YAVAPAI COUNTY-- When the centennial buzz of 2012 is past, in a year or two or three, there will left behind be a rich collection of recorded experience and history to last for the next 100 years. There are portraits of very specific local memories in book, video and other forms and, even, grand evaluations of the American West. There will be monuments at historic places and small historic overviews of local cities, towns and areas.
The State Historical Advisory Commission set the stage with by offering distinction to “Legacy Projects” expected to span the centennial year. To be considered as a Legacy Project, a topic must be submitted to the Centennial Committee by Feb. 14. They must portray a significant aspect of Arizona history, be easily accessible to the public, show collaboration in planning, produce an enduring project, with an educational component that will live on.
There are a dizzying number of Legacy Projects already completed or under development in every corner of the state, exploring such divergent topics as 100 years of Arizona Women, African-American Firsts in Arizona, the children’s adventures of the Chiracahua Leopard Frog, restoration of the Train Order Semaphore, the Oral Histories of the Central Arizona Project. In Williams, an Arizona State Railroad Museum is being built, there is a collection of the 100 years of Arizona newspapers.
Almost whatever the mind can conceive.
This is a starter list for those interested in reading or following the fascinating stories that preceded this century in Arizona’s, Yavapai County’s and Verde Valley’s history and the culture that bloomed here. There will be many items not covered here. This short list actually is limited to the Yavapai County and the Verde.
In addition to the state legacy projects, Yavapai County has separately developed a series of projects including a collection of small history books with documentation of the local historic societies or museums and bring to the text stories and photographs with documented background.
Yavapai County developed a summary of the history “Around Yavapai County” through Arcadia Publications. Their Images of America series publishes numerous similar small recollections for communities across the country.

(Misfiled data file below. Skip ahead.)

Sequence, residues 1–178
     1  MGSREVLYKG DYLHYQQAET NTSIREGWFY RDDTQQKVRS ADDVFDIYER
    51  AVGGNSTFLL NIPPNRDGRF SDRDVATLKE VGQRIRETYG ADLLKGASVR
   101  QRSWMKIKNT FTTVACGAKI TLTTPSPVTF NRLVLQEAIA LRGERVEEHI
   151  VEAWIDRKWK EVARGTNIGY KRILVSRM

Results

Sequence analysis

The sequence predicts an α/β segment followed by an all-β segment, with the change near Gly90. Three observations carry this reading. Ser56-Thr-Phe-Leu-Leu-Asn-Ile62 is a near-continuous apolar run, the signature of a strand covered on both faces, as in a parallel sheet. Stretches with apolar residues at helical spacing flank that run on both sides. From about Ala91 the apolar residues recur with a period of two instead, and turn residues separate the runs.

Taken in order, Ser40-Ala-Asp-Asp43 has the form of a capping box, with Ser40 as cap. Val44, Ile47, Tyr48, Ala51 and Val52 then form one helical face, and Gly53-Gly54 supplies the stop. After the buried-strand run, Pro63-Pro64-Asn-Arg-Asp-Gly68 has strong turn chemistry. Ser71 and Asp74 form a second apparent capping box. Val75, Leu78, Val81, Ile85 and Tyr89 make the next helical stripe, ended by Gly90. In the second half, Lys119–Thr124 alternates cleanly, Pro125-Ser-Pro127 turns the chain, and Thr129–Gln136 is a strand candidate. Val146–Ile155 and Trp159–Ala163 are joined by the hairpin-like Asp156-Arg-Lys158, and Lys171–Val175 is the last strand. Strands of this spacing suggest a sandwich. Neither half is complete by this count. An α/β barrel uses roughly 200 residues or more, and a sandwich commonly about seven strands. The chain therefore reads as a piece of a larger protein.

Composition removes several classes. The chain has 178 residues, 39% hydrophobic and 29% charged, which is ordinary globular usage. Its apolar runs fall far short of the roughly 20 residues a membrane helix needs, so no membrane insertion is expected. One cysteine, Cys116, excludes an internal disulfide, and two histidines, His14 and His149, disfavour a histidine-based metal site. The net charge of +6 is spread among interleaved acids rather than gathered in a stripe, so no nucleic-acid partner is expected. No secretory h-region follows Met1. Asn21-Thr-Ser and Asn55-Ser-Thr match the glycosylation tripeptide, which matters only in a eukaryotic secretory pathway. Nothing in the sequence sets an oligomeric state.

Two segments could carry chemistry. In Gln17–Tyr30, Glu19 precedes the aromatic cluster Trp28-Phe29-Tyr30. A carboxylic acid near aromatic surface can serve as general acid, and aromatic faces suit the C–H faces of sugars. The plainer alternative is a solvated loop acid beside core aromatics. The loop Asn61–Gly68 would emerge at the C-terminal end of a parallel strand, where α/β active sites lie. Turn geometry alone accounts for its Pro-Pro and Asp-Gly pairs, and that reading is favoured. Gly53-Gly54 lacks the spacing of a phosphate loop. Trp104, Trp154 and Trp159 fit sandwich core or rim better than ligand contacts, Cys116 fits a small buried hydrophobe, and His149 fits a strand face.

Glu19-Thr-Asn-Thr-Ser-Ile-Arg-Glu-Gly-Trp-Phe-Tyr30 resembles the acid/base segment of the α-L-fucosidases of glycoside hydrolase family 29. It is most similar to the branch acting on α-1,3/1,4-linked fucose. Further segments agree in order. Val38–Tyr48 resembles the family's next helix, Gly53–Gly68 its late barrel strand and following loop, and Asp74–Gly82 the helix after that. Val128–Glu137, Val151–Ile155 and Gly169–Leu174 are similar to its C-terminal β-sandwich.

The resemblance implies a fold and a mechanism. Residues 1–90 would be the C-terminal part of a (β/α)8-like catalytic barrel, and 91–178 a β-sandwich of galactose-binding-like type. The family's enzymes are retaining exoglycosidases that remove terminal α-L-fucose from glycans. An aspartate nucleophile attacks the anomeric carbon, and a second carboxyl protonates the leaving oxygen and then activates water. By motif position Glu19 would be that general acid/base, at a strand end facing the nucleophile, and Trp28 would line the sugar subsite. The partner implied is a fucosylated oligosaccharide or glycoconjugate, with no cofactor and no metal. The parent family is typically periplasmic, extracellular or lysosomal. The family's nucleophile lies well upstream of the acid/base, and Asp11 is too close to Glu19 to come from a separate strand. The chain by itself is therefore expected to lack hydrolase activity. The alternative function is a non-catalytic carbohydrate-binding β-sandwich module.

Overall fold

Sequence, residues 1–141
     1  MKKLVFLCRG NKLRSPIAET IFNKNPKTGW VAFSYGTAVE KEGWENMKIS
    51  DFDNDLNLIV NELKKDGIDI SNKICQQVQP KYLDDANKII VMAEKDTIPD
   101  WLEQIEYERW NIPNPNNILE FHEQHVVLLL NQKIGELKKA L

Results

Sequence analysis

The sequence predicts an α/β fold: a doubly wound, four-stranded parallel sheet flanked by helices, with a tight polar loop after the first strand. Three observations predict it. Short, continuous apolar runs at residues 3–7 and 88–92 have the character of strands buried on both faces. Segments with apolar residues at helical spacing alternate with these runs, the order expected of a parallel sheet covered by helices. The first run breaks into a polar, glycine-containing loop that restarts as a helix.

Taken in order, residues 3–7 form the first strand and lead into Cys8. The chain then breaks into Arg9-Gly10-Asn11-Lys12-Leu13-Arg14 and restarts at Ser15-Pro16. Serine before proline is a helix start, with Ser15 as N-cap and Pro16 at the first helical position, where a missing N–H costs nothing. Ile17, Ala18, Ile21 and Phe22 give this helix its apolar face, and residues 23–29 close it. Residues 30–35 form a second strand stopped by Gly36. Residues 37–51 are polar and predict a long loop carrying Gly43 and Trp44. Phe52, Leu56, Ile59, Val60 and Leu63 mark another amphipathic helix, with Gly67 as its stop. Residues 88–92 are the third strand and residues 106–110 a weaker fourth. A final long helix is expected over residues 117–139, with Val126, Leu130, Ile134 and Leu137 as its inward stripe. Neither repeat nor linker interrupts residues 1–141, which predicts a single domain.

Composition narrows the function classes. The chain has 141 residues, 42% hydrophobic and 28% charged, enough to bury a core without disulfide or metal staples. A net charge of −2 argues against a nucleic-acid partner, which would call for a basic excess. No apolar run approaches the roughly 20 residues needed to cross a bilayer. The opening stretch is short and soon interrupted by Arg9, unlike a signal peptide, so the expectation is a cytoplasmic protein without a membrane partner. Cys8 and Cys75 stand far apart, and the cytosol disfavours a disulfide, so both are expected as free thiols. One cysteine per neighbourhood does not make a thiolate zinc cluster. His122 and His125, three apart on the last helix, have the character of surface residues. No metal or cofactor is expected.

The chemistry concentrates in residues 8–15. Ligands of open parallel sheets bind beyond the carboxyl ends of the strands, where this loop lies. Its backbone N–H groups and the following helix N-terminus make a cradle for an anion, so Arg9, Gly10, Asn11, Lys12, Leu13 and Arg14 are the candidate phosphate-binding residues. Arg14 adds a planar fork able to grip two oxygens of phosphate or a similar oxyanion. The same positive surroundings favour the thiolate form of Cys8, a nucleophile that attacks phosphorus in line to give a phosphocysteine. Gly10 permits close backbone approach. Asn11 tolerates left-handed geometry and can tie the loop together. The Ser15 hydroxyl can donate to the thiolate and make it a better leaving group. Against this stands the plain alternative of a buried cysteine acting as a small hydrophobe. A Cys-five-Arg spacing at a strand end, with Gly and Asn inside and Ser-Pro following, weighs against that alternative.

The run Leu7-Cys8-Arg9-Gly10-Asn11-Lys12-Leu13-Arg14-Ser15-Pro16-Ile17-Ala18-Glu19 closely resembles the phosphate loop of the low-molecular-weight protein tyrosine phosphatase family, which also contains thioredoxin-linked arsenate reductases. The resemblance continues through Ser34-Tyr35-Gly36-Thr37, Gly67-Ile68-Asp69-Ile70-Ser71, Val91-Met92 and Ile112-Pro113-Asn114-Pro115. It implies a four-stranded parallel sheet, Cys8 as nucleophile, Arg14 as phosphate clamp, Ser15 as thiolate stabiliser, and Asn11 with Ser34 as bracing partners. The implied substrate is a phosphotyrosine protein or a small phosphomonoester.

In the past year, Arcadia also published a history for Camp Verde and Cottonwood. An earlier history of Sedona was developed in 2007. The Prescott historical overview published in 2006 and a Prescott Valley publication in 2009.
One of the Legacy projects is the Yavapai County Schools Postcard Project is sponsored by Ann Sterling, former Superior Court judge and a member of the Centennial Committee. Patterned after an annual event, it is the traditional student Christmas postcard. Designs this year must focus on the centennial and may include aspects of the winter holiday season. Winning cards will be used as Christmas cards by three age groups of students. They will be postmarked in Phoenix and returned to the participating students with the Arizona Centennial Commemorative Stamp and the first day cancellation as a lasting memory of the centennial.
In Camp Verde, the Yavapai-Apache Nation is honoring a significant historical event for the Yavapai and Apache peoples, the Exodus, observed each February. The event honors the spirit of a Yavapai elder who carried his wife in a burden basket the 180 miles to their exile in San Carlos where they lived for the next 25 years. He would not leave her behind. The project would raise a 6-foot-9 statue of the elder carrying his wife, to be placed at the Yavapai-Apache Cultural Center. The foundation is already in place. But Cultural Director Judy Piner says fundraising for the project has just begun.
Since last July, the Jerome Library, in collaboration with the Town and Historical Society has mounted a photographic exhibit of 70 photographs. The exhibit details the evolving culture of the Jerome community and the use of its historic buildings, beginning in 1880 and continuing through 2010. The permanent display and a timeline storyboard is mounted in the council chambers and adjacent public library was organized by Librarian Kathleen Jarvis and funded by a Library Services and Technology Act Grant.
The Verde Confluence Centennial Committee, is capturing the rich history of the lower Verde Valley through the process of digital storytelling, showcasing the areas of Lake Montezuma, McGuireville, Rimrock, Camp Verde and the Yavapai-Apache Nation.
A collection of short three to five minute story segments will be combined into a continuous long form.